17. Role of chemotherapy in advanced ovarian cancer GOG 111: McGuire et al, NEJM, 1996 OV-10: Piccart et al, JNCI, 2000 GOG 132: Muggia et al, JCO, 2000 ICON3: Lancet, 2002

18. 410 patients with stage III or IV ovarian ca, none debulked to <1cm comparison of IV cisplatin and cyclophosphamide to IV cisplatin and paclitaxel

20. 680 patients with stage IIB-IV ovarian ca either optimally or suboptimally debulked randomised to cisplatin paclitaxel vs cisplatin cyclophosphamide

22. 648 patients with suboptimally debulked stage III/IV ovarian cancer patients randomised post-operatively to cisplatin or paclitaxel or cisplatin and paclitaxel

24. 2074 patients looser entry criteria: ”clinician certain that patient required chemo“ As a result 10% are stage 1 carboplatin and paclitaxel versus ‘control’ (single agent carboplatin or CAP)

26. Carboplatin/Taxol as the ‘gold standard’ 1st line in advanced disease 4 large randomised trials adding paclitaxel to platinum based chemotherapy Differing results 2 positive (GOG-111 and OV10) 2 negative (GOG-132 and ICON3) Why the difference?

27. Trials of platinum and taxanes in 1st line treatment of advanced ovarian cancer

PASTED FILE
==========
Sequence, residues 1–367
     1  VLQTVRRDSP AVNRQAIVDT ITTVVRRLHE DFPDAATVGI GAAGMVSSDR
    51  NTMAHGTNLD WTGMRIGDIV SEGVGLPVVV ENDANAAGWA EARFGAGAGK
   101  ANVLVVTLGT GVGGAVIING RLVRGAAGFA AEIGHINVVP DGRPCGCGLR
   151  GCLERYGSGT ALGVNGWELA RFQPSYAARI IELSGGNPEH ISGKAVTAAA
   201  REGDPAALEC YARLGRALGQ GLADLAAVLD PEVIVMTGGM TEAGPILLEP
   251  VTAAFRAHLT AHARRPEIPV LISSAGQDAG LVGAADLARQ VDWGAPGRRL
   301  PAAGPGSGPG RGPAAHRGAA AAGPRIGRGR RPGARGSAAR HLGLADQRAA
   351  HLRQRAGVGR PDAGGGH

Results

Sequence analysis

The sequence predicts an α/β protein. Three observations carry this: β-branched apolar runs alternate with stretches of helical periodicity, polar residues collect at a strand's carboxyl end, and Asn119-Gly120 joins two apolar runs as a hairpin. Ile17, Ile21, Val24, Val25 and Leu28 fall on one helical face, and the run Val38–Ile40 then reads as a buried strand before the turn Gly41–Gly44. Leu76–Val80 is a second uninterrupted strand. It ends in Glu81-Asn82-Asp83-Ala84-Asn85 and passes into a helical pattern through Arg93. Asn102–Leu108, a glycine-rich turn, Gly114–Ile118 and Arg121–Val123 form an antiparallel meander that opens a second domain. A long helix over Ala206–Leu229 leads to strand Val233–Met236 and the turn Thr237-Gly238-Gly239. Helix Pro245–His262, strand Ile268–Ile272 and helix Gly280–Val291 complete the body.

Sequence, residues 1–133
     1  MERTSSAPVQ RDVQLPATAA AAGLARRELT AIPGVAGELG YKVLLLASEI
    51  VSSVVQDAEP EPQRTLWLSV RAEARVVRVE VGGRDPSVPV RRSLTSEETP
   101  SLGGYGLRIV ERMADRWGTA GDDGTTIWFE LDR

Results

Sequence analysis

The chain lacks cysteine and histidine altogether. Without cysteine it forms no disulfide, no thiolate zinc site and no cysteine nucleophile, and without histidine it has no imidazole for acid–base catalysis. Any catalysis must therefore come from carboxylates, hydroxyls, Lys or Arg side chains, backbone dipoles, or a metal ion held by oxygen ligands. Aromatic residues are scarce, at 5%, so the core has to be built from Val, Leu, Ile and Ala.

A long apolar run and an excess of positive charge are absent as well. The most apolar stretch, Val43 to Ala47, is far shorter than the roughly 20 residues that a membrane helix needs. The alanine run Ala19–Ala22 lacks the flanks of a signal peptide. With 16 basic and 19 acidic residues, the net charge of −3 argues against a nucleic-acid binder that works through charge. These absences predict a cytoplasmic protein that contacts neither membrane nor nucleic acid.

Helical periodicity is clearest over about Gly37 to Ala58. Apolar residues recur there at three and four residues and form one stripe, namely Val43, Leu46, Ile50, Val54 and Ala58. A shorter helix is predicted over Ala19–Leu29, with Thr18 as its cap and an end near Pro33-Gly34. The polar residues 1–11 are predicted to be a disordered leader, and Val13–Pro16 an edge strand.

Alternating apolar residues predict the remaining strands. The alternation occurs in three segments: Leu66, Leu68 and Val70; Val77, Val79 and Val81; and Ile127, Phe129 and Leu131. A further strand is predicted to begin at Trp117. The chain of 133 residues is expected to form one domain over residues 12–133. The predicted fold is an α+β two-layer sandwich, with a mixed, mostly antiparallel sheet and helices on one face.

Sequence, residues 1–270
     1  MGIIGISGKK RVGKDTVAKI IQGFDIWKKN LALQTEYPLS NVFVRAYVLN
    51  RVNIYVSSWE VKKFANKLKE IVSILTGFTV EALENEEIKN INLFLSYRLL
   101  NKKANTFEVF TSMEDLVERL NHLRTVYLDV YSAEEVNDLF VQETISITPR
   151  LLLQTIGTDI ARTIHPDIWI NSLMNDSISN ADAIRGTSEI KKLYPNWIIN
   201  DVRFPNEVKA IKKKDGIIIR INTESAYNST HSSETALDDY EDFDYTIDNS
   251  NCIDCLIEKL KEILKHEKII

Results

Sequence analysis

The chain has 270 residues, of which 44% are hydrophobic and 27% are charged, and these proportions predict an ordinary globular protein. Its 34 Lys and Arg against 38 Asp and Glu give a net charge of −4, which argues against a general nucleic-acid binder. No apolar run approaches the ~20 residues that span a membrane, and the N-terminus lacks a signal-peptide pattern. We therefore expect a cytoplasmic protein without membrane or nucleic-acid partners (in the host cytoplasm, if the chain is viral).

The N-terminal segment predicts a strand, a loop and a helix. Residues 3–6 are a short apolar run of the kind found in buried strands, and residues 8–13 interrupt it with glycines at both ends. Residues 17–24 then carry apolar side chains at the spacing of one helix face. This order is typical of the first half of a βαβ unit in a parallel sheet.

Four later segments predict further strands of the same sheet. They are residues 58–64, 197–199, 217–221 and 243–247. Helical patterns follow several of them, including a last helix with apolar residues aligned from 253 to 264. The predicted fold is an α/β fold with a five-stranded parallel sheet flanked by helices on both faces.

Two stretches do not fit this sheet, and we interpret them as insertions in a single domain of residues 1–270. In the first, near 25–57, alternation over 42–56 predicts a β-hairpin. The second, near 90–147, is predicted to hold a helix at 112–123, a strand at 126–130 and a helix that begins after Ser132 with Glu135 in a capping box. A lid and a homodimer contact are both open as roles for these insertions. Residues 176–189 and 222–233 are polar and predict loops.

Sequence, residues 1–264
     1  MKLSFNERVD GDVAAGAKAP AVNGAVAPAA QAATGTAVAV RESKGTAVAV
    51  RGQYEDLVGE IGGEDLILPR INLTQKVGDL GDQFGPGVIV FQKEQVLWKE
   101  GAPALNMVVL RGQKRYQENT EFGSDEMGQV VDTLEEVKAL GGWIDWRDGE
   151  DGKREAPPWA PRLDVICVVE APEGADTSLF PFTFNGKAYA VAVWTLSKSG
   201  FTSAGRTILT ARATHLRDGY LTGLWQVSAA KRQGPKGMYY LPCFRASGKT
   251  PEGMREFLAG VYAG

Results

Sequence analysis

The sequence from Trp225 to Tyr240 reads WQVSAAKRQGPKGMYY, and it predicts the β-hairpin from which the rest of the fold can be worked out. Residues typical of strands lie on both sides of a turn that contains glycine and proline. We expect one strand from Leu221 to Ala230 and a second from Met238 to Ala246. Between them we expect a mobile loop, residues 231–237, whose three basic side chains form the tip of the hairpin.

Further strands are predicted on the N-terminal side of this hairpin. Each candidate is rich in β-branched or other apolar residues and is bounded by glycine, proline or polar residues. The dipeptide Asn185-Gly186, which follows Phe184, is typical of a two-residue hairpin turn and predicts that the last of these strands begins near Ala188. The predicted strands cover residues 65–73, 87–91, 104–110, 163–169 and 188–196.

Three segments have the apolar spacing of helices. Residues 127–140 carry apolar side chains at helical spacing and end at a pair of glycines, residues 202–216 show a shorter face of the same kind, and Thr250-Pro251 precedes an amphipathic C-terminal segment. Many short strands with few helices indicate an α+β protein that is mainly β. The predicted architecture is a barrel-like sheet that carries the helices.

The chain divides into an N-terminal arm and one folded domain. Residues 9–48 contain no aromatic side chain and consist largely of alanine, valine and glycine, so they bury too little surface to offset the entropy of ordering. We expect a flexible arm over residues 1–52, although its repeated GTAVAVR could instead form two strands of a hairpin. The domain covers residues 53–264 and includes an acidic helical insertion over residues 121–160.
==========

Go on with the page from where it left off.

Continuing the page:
28. Why the differences? Extent of cross over to a taxane, especially at relapse Differences in patient entry criteria Differences in the control group e.g. cyclophosphamide, dose of cisplatin Probably a taxane at some stage in ovary cancer important

29. Advanced disease : what do we do? Carboplatin-containing chemotherapy is the minimum treatment required Fit patients should be offered carboplatin and paclitaxel

30. Intraperitoneal chemotherapy Subject of NCI Clinical Announcement 7 randomised trials meta-analysis IP chemotherapy associated with a 21.6% decrease in the risk of death (HR = 0.79, 0-70-0.89) Survival advantage of approximately 12 months

31. NCI Alert 05.01.06

32. IP chemotherapy

33. GOG 172 Stage III optimally debulked (<1cm residum) Randomised to paclitaxel 135 mg/m2, 24h + cisplatin 75mg/m2 or IV paclitaxel 135mg/m2, 24 h, day 1 + IP cisplatin 100mg/m2 day 2 + IP paclitaxel 60mg/m2 day 8 N=429

34. Toxicity of IP chemotherapy Increased abdominal pain (11-20% gd 3) Increased risk of infection and fever (16 vs 6%) Catheter complication rate around 33% Dose intensity of IP route (only 42% completed all 6 IP cycles in GOG 172) However QOL equal at 12 months post chemotherapy in GOG 172

35. Arguments against IP Increased toxicity No comparison to carboplatin/taxol IV No cost benefit anaylsis Slow recruitment to studies (select group) Patient choice Comorbidities Not suitable with adhesions